Quaternary Geomorphic Evolution of the St. Martin’s Island in Bangladesh

Author(s): Dr. M. Shahidul Islam   Abdul Hoque   M. Rabi Uzzaman

Journal Name: Indian Journal of Geography and Environment

Volume & Link: 6 Nos: 1 & 2

Publisher: Vidyasagar University , Midnapore , West-Bengal , India

Year: 2001



The St. Martin's island is the only coral bearing offshore island ofBangladesh with an area ofabout 8 km2. In this paper the Quaternary geomorphic evolution of the island has been reconstructed. The island is structurally controlled and its present landform has been shaped by four major factors. such as sea-level change; tectonic activities: geomorphic process and anthropogenic activities. During the Pleistocene period. the exposed outcrop at Dakshinpara was deposited, which has been identified as the Pleistocene shoreline at about 6 m above the present sea level. The mid-Holocene slow rise of sea level with some sequence ofregressions was suitable to accumulate coral reef within the tidal range of the island. Boulders and conglomerates of cemented calcium carbonates ann fossiliferous materials were also deposited along with rocky corals. Late-Holocene sand accumulation accelerated the process of dune formation. During this period due to rapid siltation by tide. wind and wave Uttarpara and Dakshinpara became well connected. the area near Galachipa became much wider than 'today and the island got nearly its present shape. In recent years due to increasing number of population. human activities and unplanned tourist influx. the landform and physical environmental setting of the island have become fragile. Moreover. human activities in the mainland. particularly changing land use pattern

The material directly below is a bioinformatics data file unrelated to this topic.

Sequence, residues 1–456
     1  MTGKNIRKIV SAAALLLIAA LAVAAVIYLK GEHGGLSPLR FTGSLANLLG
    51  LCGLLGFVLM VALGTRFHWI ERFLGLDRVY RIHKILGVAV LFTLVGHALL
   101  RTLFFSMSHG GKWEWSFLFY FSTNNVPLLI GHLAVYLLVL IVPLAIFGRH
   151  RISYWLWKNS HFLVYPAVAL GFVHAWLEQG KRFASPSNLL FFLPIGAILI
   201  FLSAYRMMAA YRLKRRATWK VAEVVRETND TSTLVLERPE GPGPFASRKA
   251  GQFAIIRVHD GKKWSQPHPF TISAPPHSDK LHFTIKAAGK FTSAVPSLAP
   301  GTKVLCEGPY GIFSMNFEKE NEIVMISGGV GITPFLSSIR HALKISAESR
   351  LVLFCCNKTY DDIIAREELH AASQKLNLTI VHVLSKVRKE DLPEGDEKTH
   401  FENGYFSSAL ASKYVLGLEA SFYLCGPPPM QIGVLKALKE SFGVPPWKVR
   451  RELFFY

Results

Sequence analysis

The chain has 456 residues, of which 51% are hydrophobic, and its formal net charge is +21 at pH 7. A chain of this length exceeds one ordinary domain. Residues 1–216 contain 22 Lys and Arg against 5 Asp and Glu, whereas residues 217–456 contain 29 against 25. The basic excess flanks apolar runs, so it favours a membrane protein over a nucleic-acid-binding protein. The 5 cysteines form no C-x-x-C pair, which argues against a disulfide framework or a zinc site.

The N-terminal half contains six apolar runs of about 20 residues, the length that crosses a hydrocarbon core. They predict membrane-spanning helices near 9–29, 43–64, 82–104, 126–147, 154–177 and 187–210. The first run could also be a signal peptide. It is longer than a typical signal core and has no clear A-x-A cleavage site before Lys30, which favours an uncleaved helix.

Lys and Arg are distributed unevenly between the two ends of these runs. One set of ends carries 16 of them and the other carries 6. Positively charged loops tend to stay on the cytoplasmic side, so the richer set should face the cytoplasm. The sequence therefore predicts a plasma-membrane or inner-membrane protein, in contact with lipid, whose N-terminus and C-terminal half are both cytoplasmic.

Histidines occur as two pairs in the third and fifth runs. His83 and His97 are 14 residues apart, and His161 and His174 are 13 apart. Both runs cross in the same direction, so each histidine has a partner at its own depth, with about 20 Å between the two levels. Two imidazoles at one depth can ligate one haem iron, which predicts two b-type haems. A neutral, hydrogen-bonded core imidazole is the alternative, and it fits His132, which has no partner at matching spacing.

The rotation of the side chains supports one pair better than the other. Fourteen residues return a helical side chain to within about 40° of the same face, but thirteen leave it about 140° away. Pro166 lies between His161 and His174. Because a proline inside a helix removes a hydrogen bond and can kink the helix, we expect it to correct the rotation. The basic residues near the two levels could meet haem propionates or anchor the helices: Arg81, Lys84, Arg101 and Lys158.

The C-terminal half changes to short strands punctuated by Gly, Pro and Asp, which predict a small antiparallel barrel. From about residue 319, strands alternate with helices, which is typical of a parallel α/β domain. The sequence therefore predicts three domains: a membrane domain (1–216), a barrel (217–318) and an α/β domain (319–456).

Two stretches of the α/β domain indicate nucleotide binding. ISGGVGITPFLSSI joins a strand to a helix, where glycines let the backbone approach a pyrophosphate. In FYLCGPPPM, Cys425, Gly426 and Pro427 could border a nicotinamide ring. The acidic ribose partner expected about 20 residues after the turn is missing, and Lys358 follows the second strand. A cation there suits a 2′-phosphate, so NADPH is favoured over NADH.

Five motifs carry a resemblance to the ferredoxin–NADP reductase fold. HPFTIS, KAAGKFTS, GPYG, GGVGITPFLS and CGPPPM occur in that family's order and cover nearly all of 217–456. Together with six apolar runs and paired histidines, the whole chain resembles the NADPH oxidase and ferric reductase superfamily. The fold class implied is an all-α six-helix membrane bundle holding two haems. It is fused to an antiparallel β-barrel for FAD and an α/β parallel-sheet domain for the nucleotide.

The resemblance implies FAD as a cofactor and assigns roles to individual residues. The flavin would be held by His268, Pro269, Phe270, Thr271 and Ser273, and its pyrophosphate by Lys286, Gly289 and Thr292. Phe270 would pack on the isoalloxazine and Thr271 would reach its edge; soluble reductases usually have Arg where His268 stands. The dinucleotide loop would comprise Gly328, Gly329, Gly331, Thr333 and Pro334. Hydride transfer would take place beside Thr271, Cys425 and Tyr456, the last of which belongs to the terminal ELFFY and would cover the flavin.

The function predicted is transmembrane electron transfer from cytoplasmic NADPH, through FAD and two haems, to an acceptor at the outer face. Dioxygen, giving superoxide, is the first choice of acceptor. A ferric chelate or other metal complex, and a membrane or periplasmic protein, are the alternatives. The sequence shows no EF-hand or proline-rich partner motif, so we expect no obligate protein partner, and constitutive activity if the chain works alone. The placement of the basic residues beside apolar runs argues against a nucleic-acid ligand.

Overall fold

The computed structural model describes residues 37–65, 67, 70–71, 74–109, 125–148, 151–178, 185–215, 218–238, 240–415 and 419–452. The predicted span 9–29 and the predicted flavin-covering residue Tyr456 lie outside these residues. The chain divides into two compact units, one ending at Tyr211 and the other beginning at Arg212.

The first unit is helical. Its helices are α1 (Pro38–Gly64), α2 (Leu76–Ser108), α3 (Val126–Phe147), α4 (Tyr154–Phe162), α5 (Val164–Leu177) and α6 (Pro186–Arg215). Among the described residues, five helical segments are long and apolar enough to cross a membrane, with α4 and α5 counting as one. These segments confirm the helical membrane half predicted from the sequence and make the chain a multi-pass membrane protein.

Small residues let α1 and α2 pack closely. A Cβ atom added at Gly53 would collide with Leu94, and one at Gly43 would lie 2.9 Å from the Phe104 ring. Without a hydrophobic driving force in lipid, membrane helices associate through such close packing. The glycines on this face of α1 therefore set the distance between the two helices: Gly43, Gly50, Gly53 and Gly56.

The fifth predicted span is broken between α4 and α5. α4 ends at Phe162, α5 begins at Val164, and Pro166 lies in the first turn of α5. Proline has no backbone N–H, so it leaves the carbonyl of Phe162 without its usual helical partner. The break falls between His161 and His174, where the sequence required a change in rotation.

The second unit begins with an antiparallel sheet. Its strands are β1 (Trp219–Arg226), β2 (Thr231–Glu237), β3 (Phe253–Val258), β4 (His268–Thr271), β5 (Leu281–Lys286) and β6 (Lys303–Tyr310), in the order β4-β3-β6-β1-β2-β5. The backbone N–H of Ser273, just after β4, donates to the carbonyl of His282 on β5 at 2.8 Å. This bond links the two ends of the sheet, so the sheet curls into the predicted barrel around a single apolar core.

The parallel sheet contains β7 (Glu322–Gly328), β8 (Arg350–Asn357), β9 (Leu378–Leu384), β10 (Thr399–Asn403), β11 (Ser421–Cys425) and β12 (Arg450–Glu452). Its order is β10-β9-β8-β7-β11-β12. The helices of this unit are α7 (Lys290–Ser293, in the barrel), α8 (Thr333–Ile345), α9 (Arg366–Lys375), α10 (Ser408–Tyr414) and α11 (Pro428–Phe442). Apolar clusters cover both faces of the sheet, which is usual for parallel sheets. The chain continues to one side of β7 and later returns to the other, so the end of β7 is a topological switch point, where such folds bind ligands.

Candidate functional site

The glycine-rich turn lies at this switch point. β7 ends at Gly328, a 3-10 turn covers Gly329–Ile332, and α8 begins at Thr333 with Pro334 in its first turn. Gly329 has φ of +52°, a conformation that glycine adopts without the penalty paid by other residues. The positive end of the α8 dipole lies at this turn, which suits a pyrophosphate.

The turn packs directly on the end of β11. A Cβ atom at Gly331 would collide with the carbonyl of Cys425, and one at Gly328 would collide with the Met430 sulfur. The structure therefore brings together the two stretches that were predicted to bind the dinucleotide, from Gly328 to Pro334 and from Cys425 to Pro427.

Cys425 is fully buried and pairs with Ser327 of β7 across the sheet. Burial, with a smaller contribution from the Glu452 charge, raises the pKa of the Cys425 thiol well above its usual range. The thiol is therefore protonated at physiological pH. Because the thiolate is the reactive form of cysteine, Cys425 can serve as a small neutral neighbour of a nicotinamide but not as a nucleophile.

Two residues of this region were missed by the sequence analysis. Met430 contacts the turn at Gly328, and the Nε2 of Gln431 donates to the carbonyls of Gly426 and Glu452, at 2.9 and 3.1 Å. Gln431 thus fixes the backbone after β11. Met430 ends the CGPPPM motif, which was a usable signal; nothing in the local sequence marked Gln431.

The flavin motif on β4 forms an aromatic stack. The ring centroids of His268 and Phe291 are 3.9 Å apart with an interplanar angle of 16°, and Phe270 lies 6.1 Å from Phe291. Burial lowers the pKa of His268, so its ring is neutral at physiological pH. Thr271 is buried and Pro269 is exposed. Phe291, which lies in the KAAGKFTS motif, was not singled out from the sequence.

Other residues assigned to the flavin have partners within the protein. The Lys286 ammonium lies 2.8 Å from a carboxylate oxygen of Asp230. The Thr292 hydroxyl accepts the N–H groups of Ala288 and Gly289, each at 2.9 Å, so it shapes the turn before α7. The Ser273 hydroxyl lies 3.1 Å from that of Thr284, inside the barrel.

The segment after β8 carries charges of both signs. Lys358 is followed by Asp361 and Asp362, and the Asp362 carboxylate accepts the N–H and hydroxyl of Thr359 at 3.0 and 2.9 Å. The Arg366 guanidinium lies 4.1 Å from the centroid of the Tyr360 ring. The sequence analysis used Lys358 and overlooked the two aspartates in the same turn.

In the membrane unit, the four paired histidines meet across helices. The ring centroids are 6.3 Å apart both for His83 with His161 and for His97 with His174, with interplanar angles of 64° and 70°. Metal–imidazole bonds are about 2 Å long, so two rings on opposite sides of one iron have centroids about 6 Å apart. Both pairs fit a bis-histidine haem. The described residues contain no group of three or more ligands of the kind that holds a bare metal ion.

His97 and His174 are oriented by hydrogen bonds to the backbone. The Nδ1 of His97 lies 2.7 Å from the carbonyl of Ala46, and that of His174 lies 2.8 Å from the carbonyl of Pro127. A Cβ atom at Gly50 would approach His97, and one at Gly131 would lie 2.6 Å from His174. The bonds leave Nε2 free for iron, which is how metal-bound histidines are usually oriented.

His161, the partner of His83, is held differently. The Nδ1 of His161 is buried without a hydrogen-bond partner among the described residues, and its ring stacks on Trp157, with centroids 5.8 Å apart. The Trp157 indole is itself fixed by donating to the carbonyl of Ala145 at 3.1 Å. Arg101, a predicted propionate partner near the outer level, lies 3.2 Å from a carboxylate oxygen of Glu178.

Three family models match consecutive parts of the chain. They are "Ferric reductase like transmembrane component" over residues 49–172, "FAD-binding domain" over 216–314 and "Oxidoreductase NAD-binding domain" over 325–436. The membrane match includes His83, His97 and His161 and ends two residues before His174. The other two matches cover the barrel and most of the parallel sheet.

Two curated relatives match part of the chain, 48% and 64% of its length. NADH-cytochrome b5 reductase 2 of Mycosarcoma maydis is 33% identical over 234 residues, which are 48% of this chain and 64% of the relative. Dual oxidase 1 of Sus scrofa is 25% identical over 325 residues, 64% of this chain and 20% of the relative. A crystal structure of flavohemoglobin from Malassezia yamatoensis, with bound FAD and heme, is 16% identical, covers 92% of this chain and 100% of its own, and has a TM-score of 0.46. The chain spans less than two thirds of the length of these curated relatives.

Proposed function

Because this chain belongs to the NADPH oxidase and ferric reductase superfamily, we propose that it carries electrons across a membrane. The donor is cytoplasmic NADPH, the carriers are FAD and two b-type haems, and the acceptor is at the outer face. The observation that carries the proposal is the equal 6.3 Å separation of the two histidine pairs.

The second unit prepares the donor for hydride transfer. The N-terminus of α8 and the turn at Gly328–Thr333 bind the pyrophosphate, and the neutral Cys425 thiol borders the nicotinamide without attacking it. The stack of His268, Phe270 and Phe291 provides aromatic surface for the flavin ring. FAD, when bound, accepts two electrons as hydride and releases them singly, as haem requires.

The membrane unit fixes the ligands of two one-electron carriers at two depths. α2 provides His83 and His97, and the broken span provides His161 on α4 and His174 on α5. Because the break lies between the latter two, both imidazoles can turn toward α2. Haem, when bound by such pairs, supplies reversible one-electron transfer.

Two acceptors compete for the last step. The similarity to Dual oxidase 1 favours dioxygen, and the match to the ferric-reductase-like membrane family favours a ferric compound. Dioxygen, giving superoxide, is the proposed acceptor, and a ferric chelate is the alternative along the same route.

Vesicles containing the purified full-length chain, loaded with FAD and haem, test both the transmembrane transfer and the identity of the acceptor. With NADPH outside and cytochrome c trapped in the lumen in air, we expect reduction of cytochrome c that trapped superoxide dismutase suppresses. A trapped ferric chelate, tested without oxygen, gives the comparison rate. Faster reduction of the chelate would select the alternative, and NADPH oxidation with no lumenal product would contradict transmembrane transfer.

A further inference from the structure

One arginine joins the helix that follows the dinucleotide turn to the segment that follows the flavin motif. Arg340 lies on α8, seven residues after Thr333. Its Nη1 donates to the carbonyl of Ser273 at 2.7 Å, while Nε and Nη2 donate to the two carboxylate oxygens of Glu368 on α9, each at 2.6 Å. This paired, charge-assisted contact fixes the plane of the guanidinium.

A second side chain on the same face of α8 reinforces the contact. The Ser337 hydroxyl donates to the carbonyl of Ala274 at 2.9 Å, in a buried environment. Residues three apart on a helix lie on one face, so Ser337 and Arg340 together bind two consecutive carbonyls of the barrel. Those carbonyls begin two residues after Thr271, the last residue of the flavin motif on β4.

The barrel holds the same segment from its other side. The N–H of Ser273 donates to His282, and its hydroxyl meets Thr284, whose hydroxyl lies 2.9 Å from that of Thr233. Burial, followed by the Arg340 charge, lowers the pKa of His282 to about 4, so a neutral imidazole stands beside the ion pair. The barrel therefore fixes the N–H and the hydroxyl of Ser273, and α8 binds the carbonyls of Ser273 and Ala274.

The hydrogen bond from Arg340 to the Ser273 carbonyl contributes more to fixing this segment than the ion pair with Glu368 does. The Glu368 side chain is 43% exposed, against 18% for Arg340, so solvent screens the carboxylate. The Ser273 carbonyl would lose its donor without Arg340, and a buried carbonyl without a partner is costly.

and erosion from hill surface have lead sediment to disperse in to this part of the shelf, which eventually affect the physical shape of the island



Islam M. S., Hoque A. and Uzzaman M. R. (2002) Quaternary Geomorphic Evolution of the St. Martin’s Island in Bangladesh, Indian Journal of Geography and Environment, 6, 1&2, 1-24

View Journal Article

Skip to toolbar